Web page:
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Week in perspective

The Government this week launched yet another attempt to attract more people into teaching.

With the recruitment crisis showing no sign of easing, ministers have committed pound;7 million to a campaign with the slogan "Those who can, teach".

They will be hoping that the adverts which will appear in the national press, on TV and in cinemas have more effect than the previous message that "No one forgets a good teacher". Despite the Government pouring millions into the campaign, recruitment remained stubbornly below target.

Teachers' leaders doubted if the new campaign would have much effect. Doug McAvoy, general secretary of the National Union of Teachers said he hoped it would succeed but said that the Government needed to tackle "excessive workload, low pay and high levels of stress" which put people off teaching.

But, according to the Teacher Training Agency, increasing numbers of people are giving up other careers to take up teaching. Ralph Tabberer, chief executive of the TTA, said that the graduate teacher programme which allows career switchers to train on the job, is proving so popular that there are more candidates than places.

But he admitted that, despite the introduction of training salaries, enrolment on teacher-training courses was likely only to have "stabilised" this year.

The new advertising campaign was launched the day after the second national teaching awards.

Big Brother presenter Davina McCall hosted this year's ceremony which was held at the Dome. Education Secretary David Blunkett, who was among those presenting awards, said that the ceremony proved the Government's commitment to ecognising and rewarding good teaching.

Out of 150 regional winners, 14 teachers from England, Wales and Northern Ireland returned to their schools this week clutching their "Golden Plato" trophies, dubbed teaching "Oscars".

However, not all teachers returned to work on Monday following the half-term break. More than 500 schools around the country were forced to close because of the storms which swept across Britain on Sunday night.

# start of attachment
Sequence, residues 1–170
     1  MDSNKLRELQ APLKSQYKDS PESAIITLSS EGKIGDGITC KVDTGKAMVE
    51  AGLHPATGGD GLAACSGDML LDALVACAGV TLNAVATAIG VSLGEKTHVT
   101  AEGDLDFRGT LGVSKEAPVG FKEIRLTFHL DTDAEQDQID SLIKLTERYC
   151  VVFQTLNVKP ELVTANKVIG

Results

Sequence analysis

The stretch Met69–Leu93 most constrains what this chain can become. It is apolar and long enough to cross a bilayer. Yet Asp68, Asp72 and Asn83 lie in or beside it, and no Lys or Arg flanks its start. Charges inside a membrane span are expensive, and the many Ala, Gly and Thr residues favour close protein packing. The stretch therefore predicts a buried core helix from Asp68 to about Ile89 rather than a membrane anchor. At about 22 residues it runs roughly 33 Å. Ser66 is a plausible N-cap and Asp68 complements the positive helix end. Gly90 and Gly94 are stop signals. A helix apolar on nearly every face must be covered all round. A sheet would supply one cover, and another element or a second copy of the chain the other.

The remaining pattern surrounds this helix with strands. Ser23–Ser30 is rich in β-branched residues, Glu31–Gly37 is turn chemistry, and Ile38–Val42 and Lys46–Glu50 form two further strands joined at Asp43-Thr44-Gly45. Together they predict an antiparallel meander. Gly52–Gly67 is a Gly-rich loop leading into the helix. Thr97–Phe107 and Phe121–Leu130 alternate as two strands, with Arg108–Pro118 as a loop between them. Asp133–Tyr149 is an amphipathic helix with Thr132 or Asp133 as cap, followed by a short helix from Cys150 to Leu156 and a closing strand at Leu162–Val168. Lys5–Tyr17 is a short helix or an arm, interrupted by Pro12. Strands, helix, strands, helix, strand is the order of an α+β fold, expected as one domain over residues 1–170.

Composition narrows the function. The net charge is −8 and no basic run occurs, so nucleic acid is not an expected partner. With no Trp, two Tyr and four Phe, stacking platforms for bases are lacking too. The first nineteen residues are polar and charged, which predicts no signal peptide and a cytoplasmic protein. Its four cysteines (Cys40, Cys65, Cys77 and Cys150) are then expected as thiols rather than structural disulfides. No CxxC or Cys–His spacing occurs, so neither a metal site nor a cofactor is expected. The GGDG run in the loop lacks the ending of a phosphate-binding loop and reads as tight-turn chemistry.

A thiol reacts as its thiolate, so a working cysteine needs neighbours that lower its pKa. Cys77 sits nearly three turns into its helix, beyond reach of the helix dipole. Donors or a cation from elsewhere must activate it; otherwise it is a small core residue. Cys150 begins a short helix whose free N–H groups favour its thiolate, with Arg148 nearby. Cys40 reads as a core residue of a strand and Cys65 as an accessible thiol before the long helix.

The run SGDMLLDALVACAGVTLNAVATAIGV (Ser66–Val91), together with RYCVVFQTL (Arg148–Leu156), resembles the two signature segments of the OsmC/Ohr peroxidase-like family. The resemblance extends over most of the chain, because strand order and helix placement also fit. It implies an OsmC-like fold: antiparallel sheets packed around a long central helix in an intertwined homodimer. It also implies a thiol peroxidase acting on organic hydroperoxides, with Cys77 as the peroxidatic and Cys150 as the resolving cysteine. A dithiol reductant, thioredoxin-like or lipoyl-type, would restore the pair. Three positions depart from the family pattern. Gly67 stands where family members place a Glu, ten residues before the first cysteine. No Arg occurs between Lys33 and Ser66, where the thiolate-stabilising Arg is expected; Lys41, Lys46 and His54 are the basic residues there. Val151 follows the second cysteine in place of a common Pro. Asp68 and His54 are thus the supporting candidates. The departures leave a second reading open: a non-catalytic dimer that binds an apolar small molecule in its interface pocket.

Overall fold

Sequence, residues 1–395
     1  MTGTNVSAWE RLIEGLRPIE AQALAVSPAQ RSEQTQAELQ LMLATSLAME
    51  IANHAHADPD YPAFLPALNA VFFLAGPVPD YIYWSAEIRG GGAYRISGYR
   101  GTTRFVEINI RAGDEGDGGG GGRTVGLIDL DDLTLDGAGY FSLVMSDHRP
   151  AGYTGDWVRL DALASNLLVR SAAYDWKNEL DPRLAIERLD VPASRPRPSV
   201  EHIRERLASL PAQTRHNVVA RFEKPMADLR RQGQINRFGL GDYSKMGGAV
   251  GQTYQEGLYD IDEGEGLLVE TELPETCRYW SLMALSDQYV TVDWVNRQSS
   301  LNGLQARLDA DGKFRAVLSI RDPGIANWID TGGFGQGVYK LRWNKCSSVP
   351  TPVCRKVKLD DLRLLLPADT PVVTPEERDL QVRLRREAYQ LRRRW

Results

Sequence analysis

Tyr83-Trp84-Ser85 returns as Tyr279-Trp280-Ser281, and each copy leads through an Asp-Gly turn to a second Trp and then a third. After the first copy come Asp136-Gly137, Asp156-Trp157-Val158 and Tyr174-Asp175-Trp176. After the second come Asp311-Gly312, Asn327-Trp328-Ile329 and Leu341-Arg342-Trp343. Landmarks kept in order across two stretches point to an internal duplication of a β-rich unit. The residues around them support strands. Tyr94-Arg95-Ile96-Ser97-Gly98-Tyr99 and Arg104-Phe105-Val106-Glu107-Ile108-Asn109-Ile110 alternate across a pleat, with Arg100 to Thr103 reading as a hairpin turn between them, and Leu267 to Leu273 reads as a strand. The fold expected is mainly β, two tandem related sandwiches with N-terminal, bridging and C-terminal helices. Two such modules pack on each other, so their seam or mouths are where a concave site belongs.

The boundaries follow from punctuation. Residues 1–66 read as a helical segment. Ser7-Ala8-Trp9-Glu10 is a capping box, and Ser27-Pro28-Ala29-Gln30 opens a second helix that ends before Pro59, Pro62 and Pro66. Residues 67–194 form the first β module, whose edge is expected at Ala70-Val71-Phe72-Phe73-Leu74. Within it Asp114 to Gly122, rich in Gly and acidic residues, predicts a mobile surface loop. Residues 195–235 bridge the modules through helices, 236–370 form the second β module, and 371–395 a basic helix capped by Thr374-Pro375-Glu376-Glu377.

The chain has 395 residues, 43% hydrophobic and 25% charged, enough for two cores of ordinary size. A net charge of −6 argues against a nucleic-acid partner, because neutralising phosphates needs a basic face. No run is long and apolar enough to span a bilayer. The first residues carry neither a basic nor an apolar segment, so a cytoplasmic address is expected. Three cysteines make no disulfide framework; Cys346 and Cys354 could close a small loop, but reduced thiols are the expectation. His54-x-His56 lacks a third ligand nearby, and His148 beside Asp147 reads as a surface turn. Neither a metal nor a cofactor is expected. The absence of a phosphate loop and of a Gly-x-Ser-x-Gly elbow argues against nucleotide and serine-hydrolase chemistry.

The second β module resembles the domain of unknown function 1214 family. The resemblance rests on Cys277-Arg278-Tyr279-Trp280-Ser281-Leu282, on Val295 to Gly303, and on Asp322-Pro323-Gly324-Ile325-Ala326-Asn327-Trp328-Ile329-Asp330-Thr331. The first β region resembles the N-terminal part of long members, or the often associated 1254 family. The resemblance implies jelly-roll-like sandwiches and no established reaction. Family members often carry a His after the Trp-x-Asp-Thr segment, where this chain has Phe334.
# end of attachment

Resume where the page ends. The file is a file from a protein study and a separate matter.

The majority of the closures were in South-east England which was lashed by high winds and torrential rain. And in Merseyside and Cheshire an estimated 2,000 children were sent home because of flooding.

Scotland managed to escape the worst of the storms but suffered its own political turbulence when the new First Minister, Henry McLeish, announced a reshuffle of the Scottish executive.

Sam Galbraith, who presided over this summer's exam results fiasco is moved from education to the environment with former finance minister Jack McConnell taking his place. Wendy Alexander, who was previously communities minister, has been given control of Mr McLeish's enterprise and lifelong learning portfolio.

Mr McConnell who challenged Mr McLeish for the post of First Minister will also be in charge of the executive's external relations. He immediately pledged to work with parents and teachers to restore confidence in Scotland's education system.

The reshuffle did not stop Mr Galbraith being grilled by the Scottish Parliament's education culture and sport committee about his role in the problems which led to thousands of children being given incorrect or late exam results.

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